The rocket exploded under the Army Humvee and launched the vehicle into the air.
It was August 2005, two years into Operation Iraqi Freedom, and Darryl Lee Wright was on patrol with the Idaho National Guard in Kirkuk, a city in northern Iraq.
Wright recalled later that he was “violently thrown and knocked unconscious from the percussion of the rocket’s impact.”
The blast, he would say, was massive: “Rubble and debris from the impact showered the sky for scores of meters.”
The attack left Wright with post-traumatic stress disorder and a brain injury, he told federal agencies. As a result, he would lie in the fetal position in his bed most days, unable to hold down a job, cook meals or button his shirt.
But the story, prosecutors say, was a lie.
Wright did serve in Iraq as a first lieutenant with the Idaho National Guard, court documents say, and he was patrolling in Kirkuk at the time of an August 2005 attack.
But the rocket aimed at his Humvee missed by more than 300 feet, according to an official Army report. No one was injured by the small explosion, the Army concluded.
The military’s report included statements from Wright, who “made no mention of sustaining injury or otherwise suffering any effects from the explosion.”
“As far as anyone on our team getting hurt, no, that didn’t happen,” then-Capt. Mark Moeckli told the Associated Press earlier this year.
Prosecutors say Wright ramped up the drama in his retelling of the event to various federal agencies to get hundreds of thousands of dollars in disability payments.
To give his lie some heft, court documents say, Wright persuaded military officials to award him a Purple Heart and a Combat Action Badge.
In his application for one honor, he included a picture of a charred military vehicle that investigators later determined had nothing to do with the not-so-near-miss in Kirkuk.
“Darryl Lee Wright built an entire myth system on these two awards, relying on them to obtain every possible benefit that might be available to a wounded veteran,” assistant U.S. attorneys David Reese Jennings and Gregory Gruber wrote in a sentencing memo, according to the Associated Press. “Every time he won or qualified for a benefit, Darryl Lee Wright used the new benefit to bolster his claims for yet another undeserved benefit.”
The war story helped Wright bilk the federal government out of hundreds of thousands of dollars in disability benefits — at one point receiving more than $10,000 a month.
Following an investigation that involved no fewer than 10 federal and state agencies, Wright was indicted in what the Justice Department described as an “extensive benefits fraud scheme.” Federal prosecutors initially said Wright bilked the government out of $250,000; the government now says the figure is more than $750,000.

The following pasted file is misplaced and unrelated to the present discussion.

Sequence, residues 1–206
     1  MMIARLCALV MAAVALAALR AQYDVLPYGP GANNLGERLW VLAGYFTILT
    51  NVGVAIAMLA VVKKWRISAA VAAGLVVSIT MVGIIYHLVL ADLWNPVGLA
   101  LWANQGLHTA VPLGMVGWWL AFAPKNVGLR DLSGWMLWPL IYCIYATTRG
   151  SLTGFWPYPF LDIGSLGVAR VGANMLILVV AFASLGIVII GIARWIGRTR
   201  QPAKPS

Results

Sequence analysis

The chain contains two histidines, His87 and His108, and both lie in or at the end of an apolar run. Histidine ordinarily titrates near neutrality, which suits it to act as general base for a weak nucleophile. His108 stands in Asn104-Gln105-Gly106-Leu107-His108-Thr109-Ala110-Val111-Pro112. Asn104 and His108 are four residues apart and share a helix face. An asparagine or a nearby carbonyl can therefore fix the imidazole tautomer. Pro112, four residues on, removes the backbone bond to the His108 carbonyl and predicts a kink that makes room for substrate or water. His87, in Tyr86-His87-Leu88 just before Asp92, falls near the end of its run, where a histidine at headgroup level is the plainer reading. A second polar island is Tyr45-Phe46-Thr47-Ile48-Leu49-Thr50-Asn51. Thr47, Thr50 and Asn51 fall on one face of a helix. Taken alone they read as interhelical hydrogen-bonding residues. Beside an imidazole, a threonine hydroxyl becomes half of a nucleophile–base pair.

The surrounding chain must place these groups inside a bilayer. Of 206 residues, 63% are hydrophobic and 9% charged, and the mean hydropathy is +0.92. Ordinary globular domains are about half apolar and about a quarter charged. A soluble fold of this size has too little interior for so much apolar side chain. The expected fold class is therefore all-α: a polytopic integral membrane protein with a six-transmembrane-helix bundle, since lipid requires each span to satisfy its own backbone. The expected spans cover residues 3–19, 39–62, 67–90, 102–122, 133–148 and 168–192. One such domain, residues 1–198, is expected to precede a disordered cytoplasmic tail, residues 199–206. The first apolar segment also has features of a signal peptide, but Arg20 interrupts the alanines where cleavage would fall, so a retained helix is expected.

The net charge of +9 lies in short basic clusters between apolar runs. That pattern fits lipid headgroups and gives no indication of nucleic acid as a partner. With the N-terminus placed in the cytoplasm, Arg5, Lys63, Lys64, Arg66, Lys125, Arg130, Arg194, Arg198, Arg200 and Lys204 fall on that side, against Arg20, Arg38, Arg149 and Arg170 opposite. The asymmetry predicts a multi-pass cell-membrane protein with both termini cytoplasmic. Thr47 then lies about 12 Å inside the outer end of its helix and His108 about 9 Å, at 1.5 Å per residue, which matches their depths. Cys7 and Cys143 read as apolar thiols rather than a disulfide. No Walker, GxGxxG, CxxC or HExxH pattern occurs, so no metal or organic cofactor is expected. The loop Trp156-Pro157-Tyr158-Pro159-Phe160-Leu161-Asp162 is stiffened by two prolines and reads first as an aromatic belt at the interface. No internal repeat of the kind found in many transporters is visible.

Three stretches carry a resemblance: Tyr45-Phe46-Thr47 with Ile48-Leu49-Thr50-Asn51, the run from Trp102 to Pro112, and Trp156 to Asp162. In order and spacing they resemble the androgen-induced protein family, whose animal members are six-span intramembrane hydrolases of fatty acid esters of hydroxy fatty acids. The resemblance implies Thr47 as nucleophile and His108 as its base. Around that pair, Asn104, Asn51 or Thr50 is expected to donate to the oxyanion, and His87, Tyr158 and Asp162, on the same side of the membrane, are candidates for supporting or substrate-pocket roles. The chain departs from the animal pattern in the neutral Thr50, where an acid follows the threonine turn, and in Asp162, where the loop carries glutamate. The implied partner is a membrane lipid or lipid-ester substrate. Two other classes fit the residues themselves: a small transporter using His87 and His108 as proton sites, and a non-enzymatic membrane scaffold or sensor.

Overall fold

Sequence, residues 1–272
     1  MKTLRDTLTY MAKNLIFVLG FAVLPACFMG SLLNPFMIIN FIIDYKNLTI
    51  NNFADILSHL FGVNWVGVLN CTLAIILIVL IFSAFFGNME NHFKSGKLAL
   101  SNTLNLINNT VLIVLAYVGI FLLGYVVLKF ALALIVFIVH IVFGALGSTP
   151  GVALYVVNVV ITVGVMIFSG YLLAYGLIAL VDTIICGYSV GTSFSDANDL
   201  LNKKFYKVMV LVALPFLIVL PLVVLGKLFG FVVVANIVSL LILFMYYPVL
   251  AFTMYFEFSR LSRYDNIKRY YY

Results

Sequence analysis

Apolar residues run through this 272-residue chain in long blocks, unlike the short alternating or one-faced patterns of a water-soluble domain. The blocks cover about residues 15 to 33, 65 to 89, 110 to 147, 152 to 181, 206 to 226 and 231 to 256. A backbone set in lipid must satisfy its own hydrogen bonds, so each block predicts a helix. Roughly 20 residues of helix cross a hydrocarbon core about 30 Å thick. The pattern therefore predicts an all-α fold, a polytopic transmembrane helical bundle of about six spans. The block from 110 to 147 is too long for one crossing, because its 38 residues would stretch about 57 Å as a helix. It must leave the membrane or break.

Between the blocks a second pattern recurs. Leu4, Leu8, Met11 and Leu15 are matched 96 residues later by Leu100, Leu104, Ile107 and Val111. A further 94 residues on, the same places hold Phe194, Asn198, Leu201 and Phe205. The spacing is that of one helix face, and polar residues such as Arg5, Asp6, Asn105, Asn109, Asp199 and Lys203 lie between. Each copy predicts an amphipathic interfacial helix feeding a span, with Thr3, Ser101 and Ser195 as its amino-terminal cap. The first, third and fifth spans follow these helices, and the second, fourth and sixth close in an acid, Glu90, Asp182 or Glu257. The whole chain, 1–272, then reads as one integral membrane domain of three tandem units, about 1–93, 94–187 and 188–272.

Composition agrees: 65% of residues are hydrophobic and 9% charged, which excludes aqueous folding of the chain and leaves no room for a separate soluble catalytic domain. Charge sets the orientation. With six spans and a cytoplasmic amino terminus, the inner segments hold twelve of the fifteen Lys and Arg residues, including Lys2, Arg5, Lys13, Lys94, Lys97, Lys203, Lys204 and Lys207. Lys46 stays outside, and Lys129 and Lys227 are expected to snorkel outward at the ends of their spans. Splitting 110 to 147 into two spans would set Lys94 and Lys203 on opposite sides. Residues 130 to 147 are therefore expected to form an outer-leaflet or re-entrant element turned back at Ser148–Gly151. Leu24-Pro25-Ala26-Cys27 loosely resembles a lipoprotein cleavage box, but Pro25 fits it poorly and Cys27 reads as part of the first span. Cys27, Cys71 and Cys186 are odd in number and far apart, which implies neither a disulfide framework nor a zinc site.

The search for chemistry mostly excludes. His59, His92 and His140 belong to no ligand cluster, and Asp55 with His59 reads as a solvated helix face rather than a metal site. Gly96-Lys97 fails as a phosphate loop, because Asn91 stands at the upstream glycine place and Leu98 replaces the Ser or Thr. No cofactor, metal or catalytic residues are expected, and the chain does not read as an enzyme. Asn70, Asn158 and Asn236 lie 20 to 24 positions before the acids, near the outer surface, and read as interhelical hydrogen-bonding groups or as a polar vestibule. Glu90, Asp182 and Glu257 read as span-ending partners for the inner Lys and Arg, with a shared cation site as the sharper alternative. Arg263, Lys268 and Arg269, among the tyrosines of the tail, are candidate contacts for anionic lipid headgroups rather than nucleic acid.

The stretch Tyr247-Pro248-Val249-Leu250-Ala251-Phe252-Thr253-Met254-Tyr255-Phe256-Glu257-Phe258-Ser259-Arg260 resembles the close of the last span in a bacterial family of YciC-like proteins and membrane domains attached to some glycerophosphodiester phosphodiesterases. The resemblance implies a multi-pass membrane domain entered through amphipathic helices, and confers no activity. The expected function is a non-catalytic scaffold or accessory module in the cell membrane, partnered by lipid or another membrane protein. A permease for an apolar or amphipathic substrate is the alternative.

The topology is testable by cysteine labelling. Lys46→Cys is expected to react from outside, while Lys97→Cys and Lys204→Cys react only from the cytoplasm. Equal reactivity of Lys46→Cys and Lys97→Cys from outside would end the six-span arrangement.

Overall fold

Wright pleaded guilty in February to two counts of wire fraud and faces up to 20 years in prison and a maximum fine of $250,000. Although the other charges were dismissed as part of the plea deal, Wright and his attorney still agreed to all the facts in the indictment, according to Emily Langlie, a spokeswoman for the U.S. attorney’s office in the western district of Washington state.
The 49-year-old Wright had a sentencing hearing Thursday in federal court in Tacoma, Wash. But before his sentence is determined, U.S. District Judge Benjamin H. Settle wants a psychiatrist who has interviewed Wright to testify, and that didn’t happen Thursday, Langlie told The Post.
Wright’s sister, Karen Bevens, who also pleaded guilty in the scheme, was paid to be his primary caretaker.
Court documents say the siblings crafted a fiction starring a mostly bedridden veteran who was unable to care for himself.
According to the indictment, Wright “represented that he was so severely disabled by PTSD symptoms that he spent two-to-five days a week in bed, in a fetal position; he had a caregiver, a house cleaner, and yard worker; he could not prepare his own meals; he could not take public transportation or be in crowds; he could walk only fifty meters; and his attention span was only five to ten seconds.”
It continued: “In support of his continued receipt of disability payments, [Wright falsely reported] that Karen Bevens was his ‘In Home Care Attendant’ spending over 40 hours per week caring for him; he was unable to function without Bevens or someone else’s assistance; he could not tie or fasten shoes/belts/buttons; he could not prepare meals; he rarely drove; he could walk only 20 yards; he could not pay attention; and he could not follow spoken instructions.”
In fact, Wright led a very active life “unencumbered by any disability or infirmity,” the indictment said.
He played in a recreational basketball league and coached a high school team. He was a member of an emergency response team that responded to fires and conducted searches and rescues in Snoqualmie, about 30 miles east of Seattle. He had a “sport” membership at a local country club. Wright was also a board member for a hospital foundation and ran unsuccessfully for political office.